The Houston Astros have a comfortable nine-game lead in the AL West, but they’re still trying to improve. The fifth spot in the rotation has been a team weakness, as Corbin Martin and Collin McHugh struggled to answer the call throughout the start of the season. However, with those two struggling, Houston is turning to a talented youngster in Framber Valdez.
Framber Valdez Earning Starting Job
The Astros starting rotation has been one of the best in the league despite having no answer for the fifth starting spot. Corbin Martin and Collin McHugh have combined to start 13 games with some seriously discouraging results. Martin has only gone 19.1 innings in his five starts, allowing a 5.59 ERA and an 8.42 FIP while walking almost six batters per nine innings. McHugh hasn’t been much better, as he owns a 6.04 ERA and a 4.89 FIP in 44.2 innings of work.
Because of their struggles, the Astros are turning to 25-year old lefty Framber Valdez joined the Astros system back in 2015 and quickly climbed the ranks, making his major league debut in 2018. Pitching primarily as a starter, the youngster tossed 37.0 innings to the tune of a 2.19 ERA and a 4.65 FIP. The lefty started the year in the bullpen, posting a 3.12 ERA and a 3.64 FIP in 26.0 innings of work.
Valdez’ Pitch Tools
Framber Valdez is primarily a two-pitch guy, favoring his fastball and curveball. According to Fangraphs, Valdez throws his fastball roughly 65% of the time with an average velocity in the low-90’s. He adds in an 80 mph curveball which he throws 30% of the time. Every now and again, Valdez throws a changeup just to keep hitters guessing.
The best thing about Valdez is his ground ball rate. The lefty currently has a 62.7% ground ball rate, which is well above the league average. Ground balls are the least damaging type of contact, so Valdez’ success will be directly tied to his ability to keep balls on the ground.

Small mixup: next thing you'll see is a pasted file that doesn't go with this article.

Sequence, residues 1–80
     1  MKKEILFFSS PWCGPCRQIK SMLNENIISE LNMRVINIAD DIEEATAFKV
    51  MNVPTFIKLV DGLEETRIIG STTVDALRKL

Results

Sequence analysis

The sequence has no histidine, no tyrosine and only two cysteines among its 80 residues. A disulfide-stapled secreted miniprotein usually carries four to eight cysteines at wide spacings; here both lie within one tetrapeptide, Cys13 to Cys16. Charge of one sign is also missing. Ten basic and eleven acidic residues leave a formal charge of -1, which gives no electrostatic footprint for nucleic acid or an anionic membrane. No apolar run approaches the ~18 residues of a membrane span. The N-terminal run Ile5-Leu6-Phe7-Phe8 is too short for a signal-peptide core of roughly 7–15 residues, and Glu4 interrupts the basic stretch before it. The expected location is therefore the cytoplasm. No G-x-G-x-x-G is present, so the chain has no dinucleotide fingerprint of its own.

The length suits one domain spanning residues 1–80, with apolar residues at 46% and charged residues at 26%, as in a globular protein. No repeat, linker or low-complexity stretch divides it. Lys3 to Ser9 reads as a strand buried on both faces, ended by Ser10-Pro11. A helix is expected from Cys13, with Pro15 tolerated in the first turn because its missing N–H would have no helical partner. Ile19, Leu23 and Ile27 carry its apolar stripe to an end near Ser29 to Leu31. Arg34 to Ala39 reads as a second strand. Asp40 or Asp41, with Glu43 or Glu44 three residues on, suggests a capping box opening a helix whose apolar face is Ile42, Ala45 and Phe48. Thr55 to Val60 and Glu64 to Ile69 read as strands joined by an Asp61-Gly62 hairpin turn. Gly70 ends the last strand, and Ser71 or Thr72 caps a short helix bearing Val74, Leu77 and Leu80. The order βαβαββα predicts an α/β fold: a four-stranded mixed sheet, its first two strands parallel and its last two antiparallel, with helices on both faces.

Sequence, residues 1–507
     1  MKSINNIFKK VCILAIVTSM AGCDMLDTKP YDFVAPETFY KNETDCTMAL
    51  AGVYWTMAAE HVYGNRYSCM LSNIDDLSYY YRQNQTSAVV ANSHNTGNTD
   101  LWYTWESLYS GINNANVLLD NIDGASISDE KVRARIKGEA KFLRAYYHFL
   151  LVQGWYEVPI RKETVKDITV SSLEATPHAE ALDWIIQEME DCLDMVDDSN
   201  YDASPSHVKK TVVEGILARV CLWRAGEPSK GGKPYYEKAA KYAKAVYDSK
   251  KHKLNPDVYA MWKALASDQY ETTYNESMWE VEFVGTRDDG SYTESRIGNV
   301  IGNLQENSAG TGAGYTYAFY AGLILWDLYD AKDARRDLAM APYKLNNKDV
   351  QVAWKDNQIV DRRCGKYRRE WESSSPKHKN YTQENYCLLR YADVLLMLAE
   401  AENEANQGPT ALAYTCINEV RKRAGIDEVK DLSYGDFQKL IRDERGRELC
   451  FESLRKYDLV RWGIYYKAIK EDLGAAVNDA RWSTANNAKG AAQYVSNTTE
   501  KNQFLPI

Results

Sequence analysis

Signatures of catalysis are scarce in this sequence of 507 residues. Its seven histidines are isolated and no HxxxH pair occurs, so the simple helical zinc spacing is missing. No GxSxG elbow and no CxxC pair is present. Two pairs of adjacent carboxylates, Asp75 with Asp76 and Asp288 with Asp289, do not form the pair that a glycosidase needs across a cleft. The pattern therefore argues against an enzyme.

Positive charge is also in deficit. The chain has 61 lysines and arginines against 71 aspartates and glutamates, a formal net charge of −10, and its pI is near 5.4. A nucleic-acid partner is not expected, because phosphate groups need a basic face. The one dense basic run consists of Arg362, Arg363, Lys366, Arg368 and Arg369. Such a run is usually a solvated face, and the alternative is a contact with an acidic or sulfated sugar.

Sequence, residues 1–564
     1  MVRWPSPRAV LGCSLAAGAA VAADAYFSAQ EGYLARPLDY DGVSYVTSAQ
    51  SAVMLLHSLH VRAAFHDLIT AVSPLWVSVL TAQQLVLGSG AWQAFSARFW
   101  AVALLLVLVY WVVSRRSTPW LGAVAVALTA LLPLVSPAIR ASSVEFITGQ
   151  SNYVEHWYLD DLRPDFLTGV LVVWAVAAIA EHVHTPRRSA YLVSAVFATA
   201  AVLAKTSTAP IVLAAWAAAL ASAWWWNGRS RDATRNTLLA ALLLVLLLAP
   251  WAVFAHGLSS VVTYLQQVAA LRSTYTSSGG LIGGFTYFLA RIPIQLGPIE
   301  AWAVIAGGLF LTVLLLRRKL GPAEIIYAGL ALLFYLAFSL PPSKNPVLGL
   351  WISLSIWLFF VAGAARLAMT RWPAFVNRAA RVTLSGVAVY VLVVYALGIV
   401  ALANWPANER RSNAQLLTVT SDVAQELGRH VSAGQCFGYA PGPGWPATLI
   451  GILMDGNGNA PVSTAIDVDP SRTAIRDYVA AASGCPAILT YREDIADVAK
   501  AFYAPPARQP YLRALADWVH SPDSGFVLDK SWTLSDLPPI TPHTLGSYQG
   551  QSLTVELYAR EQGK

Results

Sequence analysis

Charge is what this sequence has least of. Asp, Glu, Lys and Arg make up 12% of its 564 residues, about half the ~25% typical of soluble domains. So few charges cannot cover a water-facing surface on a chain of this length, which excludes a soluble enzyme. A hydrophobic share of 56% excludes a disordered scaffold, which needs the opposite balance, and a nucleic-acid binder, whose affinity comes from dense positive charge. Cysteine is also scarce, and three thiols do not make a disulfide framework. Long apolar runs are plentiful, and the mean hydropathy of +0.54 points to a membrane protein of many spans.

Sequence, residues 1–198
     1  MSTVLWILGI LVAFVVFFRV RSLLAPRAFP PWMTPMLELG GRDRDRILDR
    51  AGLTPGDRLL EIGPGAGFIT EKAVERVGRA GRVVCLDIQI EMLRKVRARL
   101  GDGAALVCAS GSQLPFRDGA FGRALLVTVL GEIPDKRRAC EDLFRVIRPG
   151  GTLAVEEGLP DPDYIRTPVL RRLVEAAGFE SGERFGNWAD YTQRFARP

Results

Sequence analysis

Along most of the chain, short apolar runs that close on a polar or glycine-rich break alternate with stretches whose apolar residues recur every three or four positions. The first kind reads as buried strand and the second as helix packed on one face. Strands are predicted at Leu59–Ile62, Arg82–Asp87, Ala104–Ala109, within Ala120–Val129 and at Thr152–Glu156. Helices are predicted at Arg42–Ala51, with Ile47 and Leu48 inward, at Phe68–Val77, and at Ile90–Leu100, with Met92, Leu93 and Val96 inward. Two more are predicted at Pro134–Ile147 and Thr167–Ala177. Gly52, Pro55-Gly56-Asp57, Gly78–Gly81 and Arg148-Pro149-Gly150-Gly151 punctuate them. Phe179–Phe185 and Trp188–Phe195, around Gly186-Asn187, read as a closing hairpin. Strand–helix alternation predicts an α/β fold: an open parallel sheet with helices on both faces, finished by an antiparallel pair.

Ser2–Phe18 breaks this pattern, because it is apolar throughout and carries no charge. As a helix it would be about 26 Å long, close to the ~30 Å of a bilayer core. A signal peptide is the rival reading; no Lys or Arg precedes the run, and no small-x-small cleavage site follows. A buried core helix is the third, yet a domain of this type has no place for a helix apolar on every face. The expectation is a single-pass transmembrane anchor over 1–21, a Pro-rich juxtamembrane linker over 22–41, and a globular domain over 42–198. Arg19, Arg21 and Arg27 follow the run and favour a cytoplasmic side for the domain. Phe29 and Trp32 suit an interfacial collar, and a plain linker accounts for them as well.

Additionally, Valdez will need to improve his control if he’s to keep the final starting job. The lefty has a 5.29 BB/9 rate in his short career, which is way too high for a starter. Additionally, he’s not a big strikeout guy, which makes it all the more important for him to limit baserunners.
Valdez had success as a starter in 2018, but the underlying numbers suggest luck had a lot to do with his positive play. For one, his 4.65 FIP was a full two points higher than his 2.19 ERA. For those who don’t know, FIP is essentially ERA if you take away batted ball luck. The reason for the discrepancy is that Valdez had an unsustainable amount of good luck on balls in play. The underlying numbers back this up as well, as the lefty had a .213 BABIP last season. The league average typically lies around .300, so Valdez was undeniably a beneficiary of batted ball luck.
Even with luck not on his side, Valdez still has a shot to stick on as a number five starter. While he’ll never be Justin Verlander, his ability to induce ground balls gives him a chance to stick in the rotation. In a worst-case scenario, he can be similar to Hector Velazquez of the Boston Red Sox.
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